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Mini Roadster

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Mini Roadster
5/10

Overall
verdict

A pretty half-hearted attempt at creating a roadster, although it is fun to drive.

Additional Info

  • Top Gear wildcard

    If you don’t like the wilfully odd looks, try the more prosaic Mini Convertible on which this is based

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What is it?

The Mini Roadster is a Mini Coupe with a ragtop. As opposed to a Mini Convertible, which has four seats, a more generic rear end and a less steeply raked windscreen. Yes, it’s a curious beast. Does Mini really need another soft-top in its range? Particularly one that, from certain angles, needs a trained eye to spot the differences? The jury’s out.

It does at least have extra bracing behind the front seats, stiffening the shell, and uses Mini’s first electric pop-up spoiler to reduce rear end lift. The roof looks better than the pram-like Mini Convertible when lowered as well. So, see it instead as a Mini that has just that extra bit of individuality. After all, Britain loves its Minis.

Driving

The Roadster is more rigid than the Convertible, thanks to its extra bracing, but you can still see the reflection in the rear-view mirror blurring over bumpy roads. It’s rigid enough, then, rather than truly rigid. This body twist costs some precision gained by suspension slightly stiffened over regular Minis, but it’s still enjoyable and sensitive to the throttle. You get a good feel of what it’s up to, albeit through the seat rather than the steering wheel.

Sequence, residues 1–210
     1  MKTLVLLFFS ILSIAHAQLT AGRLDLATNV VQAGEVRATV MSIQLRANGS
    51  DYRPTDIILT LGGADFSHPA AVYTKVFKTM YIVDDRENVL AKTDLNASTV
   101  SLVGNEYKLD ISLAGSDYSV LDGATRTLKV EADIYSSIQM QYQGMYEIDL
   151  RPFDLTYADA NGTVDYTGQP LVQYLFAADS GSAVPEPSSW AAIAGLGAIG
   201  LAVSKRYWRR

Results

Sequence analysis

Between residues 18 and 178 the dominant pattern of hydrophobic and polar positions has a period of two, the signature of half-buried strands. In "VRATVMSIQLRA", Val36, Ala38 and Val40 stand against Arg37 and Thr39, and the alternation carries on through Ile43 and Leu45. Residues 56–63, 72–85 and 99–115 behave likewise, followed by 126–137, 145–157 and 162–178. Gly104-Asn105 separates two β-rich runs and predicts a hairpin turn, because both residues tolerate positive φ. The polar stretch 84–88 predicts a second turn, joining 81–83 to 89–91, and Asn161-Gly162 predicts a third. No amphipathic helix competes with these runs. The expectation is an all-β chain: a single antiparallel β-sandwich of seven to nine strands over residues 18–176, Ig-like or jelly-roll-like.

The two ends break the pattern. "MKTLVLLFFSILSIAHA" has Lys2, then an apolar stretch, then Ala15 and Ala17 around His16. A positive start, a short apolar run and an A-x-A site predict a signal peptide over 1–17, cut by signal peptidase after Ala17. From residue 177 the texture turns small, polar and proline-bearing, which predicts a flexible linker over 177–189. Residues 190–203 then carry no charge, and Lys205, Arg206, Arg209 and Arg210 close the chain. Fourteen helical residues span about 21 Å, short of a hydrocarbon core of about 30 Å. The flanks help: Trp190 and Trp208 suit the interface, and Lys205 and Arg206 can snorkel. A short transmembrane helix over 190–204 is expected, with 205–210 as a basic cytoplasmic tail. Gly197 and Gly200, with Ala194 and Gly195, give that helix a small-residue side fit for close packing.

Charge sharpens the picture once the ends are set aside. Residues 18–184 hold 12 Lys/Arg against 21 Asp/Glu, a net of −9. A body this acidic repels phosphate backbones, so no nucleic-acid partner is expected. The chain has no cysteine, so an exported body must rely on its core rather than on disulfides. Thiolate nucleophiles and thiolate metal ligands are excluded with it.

The engines are familiar Mini units from the more powerful end of the range. They are swift but also give a bit of torque steer when you nail it - which, with an unsettled ride and the numb steering, are all reminders the Mini could do with a bit of work now.

On the inside

It’s fundamentally the same as the regular Mini inside, which is pretty disappointing given how it’s meant to be a bespoke-feel roadster. You also don’t sit low and snug like you do in other roadsters, and don’t see a long bonnet stretching far ahead of you. It’s too much like a conventional Mini with two seats and some fancy trim options. It feels just like the last Mini you drove. It’s just not bespoke enough.

The roof isn’t even fully electric. You have to twist a handle to release it first. At least it’s better than European models, which don’t actually get electric ragtop operation as standard…

Owning

The Roadster is around £600 more expensive than the Convertible, which is a lot to pay for two less seats, but perhaps not a lot given the fact it’s a more convincing open top than its ugly sibling. A real roadster it is not though. We’d much rather have a Mazda MX-5 for similar money - even if it wouldn’t be able to match the Mini’s highly impressive fuel economy, retained values and overall running costs. Indeed, economy is probably one of the Mini’s trump cards. How many sporty roadsters can you name that can average up to 62.8mpg and, even in 211bhp full-fat form, will return nearly 39mpg?

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